Movies and TV survived the VHS scare. Whether they'll completely survive digital media piracy is a different story -- and it isn't just film and TV that's in trouble; it's music and publishing, too.
In response to this concern, and because somebody out there still thinks it's possible to stake a claim to digital media, Autonomy brings us Virage ACID, automated copyright infringement detection.Souped-up with Autonomy's Meaning-Based Computing solution, which includes patented image and audio analysis technology, Virage ACID promises to be a more efficient alternative to hunting down, then suing, 12-year-olds.
The piracy issue is now so grand that whole associations like Creative Commons have sprung up to help protect internet publications, for example, from unlicensed content piracy. With proper information management, Autonomy assures us, protecting copyrighted content and media properties can be achieved without endless failed business models and costly lawsuits.
Locating violated written content is slightly more search-friendly than, say, trying to hunt down stray audio or video files. This is where ACID's merits truly lie. Enabling content owners to detect the distribution of copyrighted material, legal or not, ACID eliminates the necessity of spending wee hours sifting wild-eyed through the latest incarnation of GNUtella.
Autonomy CEO Dr. Mike Lynch, comments, “With the explosion in interest around video sharing and distribution over the Internet, copyright owners must act rapidly to stay ahead of the rising tide of illegal copies of their content."
"Explosion in interest" is an understatement. But we're a jaded society; we've seen Digital Rights Management (DRM) solutions before. They're laughable. Remember ContentGuard? Microsoft, once so cozy with the DRM solutions leader, recently decided to forego DRM protection altogether. And they're hardly the only ones. What makes Autonomy Virage so different? It doesn't rely on watermarking, which means noise, mutable formats or codec changes won't affect its efficacy. It is totally independent of media format. Because of this, Virage ACID not only detects whether distributed videos infringe copyright; they can also tell when audio content ripped from a copyrighted source has been overlaid on legit video.
Virage ACID's functions are a boon for companies that see the online distribution of user-generated or hosted content as critical to business. Once reliant on copyright owners to alert hosting agents of the presence of offending material, they can simply scan material as it uploads. Questionable material can be quarantined outright.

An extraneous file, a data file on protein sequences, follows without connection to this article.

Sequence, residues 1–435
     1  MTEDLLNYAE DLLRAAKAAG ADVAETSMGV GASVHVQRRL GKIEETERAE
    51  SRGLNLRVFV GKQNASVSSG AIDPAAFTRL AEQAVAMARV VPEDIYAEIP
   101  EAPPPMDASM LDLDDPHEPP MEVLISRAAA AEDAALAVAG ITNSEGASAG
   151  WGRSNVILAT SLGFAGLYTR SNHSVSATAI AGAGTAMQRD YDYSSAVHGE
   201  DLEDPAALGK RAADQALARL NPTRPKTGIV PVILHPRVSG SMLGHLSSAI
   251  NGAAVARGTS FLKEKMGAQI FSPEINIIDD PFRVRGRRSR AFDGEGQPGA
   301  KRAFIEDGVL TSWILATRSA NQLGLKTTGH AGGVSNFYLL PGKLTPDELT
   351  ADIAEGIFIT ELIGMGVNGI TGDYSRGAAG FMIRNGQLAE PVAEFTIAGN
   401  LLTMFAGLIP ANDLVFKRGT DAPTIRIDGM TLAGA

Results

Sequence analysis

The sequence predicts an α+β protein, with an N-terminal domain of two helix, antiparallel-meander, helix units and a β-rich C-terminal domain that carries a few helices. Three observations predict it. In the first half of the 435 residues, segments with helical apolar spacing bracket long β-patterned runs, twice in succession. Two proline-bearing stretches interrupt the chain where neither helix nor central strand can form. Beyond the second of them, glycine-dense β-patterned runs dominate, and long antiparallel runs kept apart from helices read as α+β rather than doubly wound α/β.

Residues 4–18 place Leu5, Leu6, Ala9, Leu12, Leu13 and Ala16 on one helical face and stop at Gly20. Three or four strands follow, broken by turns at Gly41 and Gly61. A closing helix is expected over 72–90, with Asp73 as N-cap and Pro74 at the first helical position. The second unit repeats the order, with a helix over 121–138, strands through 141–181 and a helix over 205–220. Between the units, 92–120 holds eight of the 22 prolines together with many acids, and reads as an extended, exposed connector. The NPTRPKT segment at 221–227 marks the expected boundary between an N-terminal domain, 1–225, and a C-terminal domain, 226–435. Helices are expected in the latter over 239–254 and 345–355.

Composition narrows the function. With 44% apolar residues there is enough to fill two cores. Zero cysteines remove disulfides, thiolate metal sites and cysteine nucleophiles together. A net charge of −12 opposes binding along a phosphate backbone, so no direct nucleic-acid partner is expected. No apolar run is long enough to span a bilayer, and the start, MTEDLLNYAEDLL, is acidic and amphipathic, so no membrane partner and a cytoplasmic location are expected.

This nipped-in-the-bud approach maximizes ROI and minimizes the risk of legal disputes because potentially harmful content never actually makes it online. The process also benefits end users by saving them from laggage in uploading and posting.
A wise man once said, "Ownership is over." Indeed, media is now so fluid that one often wonders how wise it is to try leashing the monster. Nonetheless, we'll be curious to see how Virage's ACID affects DRM's volatile climate. The battle rages on.
Powered by Autonomy's IDOL, Virage is a world leader in Rich Media Management software and intelligent video analytics. Providers of the first solution to automatically capture, index and encode digital TV, video and audio content regardless of the source, the company's goal is to ensure all rich media is searchable and accessible to any user. Headquartereed in both San Francisco, CA and Cambridge in the UK, Virage's customers include BBC, NN, Boeing, Diamler Chrysler and NYU.
Autonomy Corp is a global leader in infrastructure software and major proponents of Meaning-Based Computing. Its technology seeks to form conceptual and contextual understanding of any piece of electronic data including unstructured information like texts, e-mail or voice. Autonomy recognized by industry analysts as leaders in enterprise search.
Learn more about Autonomy and the Virage ACID offering at the Autonomy website, and if you've got a minute, read their manifesto on Meaning-Based Computing. It never hurts to get a head-start on the next buzzword.